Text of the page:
With the NFL draft rapidly approaching, the time for reckless speculation is coming to a close (finally). But before the final bell sounds, I felt it'd be fitting to dream up perfect landing spots for the top running backs in the NFL Draft for fantasy purposes. Taking into account each back's skillset, team needs, and overall fit, below I list my dream landing spots for six of the top rushers ready to make a splash in the NFL. This isn't to say they couldn't be successful elsewhere, but I believe the RB-team pairings below could make some sweet, sweet fantasy music in 2016 and beyond. Feel free to send me your favorite landing spots for these backs on Twitter @AlexGelhar to keep the discussion going as well.
Originally, I had pegged Elliott to the Eagles, as there were plenty of reports swirling that the eagles were enamored with the former Buckeye. But now that the Eagles have jumped up to No. 2 overall to draft a quarterback, let's have fun and discuss the true dream scenario for Elliott -- he goes to the Cowboys. Boasting one of the best offensive lines in the league and lacking a true featured back, Elliott would step in and have RB1 upside in Dallas. While Darren McFadden had a resurgent season in 2015 (1,089 yards, 4.6 ypc), once he took over the backfield (Week 7) he was fed 81 percent of the backfield touches -- a total the team doesn't seem inclined to hand the soon to be 29-year-old again. They signed Alfred Morris (two-years, $3.5 mil) and Lance Dunbar (one-year, $1.25 mil) to short-term contracts to add depth some depth, but that doesn't preclude them from targeting a runner like Elliott in the draft.
Tony Romo is 36 years old and should essentially be in "win now" mode. Adding a dynamic element like Elliott to the backfield could help their offense contend with the best in the league, while giving Romo the type of running game that can keep defenses off of him and the collarbone he broke twice last year. McFadden would be the only one who could feasibly push Elliott for carries, as Dunbar reportedly tore his patellar tendon last season in addition to his ACL, so there is no guarantee he's even ready to go when the season starts, and Morris is a limited player with a lot of tread on the tires. While this situation doesn't feel incredibly likely, it'd be a slam dunk in fantasy and cause Elliott to rocket up draft boards this fall.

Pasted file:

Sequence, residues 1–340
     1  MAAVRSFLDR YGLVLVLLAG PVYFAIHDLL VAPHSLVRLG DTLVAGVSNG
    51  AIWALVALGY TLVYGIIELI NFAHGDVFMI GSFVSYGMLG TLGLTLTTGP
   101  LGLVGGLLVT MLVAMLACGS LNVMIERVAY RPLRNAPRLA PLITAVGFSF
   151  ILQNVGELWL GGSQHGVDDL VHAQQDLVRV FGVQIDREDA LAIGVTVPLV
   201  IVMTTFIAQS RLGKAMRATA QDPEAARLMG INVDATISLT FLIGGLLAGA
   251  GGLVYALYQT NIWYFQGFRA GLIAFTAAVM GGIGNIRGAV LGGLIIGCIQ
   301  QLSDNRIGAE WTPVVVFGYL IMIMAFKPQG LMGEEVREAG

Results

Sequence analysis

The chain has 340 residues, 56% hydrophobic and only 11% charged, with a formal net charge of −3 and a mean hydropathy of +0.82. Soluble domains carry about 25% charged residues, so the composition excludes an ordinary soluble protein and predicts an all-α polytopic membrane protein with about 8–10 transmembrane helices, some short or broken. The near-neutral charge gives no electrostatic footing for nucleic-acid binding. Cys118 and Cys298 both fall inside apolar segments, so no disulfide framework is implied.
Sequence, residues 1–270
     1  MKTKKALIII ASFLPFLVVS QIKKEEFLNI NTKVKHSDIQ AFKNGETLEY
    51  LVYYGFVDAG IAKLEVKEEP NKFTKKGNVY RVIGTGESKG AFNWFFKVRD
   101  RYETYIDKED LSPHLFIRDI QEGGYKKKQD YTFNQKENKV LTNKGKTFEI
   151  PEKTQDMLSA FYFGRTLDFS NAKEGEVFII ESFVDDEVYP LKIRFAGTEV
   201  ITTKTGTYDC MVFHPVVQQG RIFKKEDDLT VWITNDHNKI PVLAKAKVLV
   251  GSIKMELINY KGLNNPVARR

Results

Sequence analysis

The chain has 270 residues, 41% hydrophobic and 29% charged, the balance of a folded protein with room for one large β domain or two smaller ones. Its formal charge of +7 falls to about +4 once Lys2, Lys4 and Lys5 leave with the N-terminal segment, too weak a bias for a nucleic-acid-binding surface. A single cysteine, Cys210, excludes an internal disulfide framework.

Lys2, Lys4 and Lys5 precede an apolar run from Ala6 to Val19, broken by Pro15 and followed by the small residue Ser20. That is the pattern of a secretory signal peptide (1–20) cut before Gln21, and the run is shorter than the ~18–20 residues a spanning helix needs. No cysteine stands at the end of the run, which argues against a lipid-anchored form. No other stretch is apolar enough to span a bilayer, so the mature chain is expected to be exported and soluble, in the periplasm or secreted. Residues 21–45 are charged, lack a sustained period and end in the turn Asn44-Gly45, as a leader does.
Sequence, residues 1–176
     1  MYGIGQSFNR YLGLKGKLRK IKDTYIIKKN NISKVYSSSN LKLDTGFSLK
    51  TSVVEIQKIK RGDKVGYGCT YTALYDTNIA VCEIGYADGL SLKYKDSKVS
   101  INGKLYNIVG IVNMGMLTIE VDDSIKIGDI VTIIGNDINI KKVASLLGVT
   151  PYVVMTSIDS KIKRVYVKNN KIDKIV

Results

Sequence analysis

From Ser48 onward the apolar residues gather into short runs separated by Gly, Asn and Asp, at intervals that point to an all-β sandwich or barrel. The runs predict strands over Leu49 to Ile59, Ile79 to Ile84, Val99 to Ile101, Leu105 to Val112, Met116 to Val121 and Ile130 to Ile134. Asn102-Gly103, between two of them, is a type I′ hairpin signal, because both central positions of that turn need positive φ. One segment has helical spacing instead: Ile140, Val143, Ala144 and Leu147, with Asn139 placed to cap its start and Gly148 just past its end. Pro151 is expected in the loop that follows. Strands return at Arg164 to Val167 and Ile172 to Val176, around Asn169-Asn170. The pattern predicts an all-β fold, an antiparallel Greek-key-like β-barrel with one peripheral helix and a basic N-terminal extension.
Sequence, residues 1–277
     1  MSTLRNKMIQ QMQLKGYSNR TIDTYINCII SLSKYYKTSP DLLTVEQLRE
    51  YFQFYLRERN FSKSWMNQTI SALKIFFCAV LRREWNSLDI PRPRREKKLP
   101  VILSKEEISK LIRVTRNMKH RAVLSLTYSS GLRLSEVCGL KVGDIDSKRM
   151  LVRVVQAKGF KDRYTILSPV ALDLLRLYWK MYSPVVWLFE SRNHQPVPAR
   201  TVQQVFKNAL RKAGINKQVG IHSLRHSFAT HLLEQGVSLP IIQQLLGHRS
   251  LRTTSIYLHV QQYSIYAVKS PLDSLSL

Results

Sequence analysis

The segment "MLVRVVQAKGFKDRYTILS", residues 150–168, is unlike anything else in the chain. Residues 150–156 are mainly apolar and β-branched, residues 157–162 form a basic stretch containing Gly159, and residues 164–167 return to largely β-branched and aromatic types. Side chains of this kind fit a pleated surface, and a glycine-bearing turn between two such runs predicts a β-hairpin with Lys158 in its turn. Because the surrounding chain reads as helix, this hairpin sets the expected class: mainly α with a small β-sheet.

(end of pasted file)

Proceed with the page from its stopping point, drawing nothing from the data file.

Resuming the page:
If Elliott goes to Dallas, that leaves Henry without a home, as I'd originally pegged the bruising Alabama back to head to Jerry World. Instead, let's dream up a draft day slide for Henry (certainly not his dream) to the backend of the second round into the open arms of the Carolina Panthers. Yes, Jonathan Stewart is coming off a fantastic season, but the team lacks depth behind the oft-injured Stewart. While they could use a pass-catching specialist as well, Henry would be a perfect fit behind Carolina's mauling offensive line -- especially when he's taking handoffs on the read option from Cam Newton. Linebackers would have to freeze for a second, giving Henry and his limited agility an added advantage to get to the second level and punish would-be tacklers. Henry wouldn't be the leading back in Carolina, but he could become a part of an extremely effective committee before eventually taking over the leading back duties from Stewart. Plus, Henry would give the team a viable goal-line option to help protect Newton from more unnecessary hits.
The Colts have a number of needs in the draft (offensive line, pass rush, etc), but an underrated need is for a featured running back for the future. Frank Gore turned in a solid season in 2015, but the inconvenient truth about "The Inconvenient Truth" is that he'll turn 33 before the season starts and already showed signs of (finally) wearing down last year. The good news for the Colts is that there is a featured back they could target in the early to middle rounds and his name is Devontae Booker.
Hailing from Utah and coming off a meniscus tear, Booker hasn't carried as much fanfare as the top prospects at his position, but he boasts the skills and collegiate production to be a difference maker at the NFL level. Booker could stand to take a year to split carries and learn from Gore (as well as finish healing) before taking over the backfield on his own. His skills in the open field and as a pass-catcher would allow him to help out on third downs, while also giving him value in PPR leagues and as a potential flex option as a rookie. Booker becoming the primary back behind Andrew Luck and a (hopefully) upgraded offensive line could set him up for a solid fantasy career.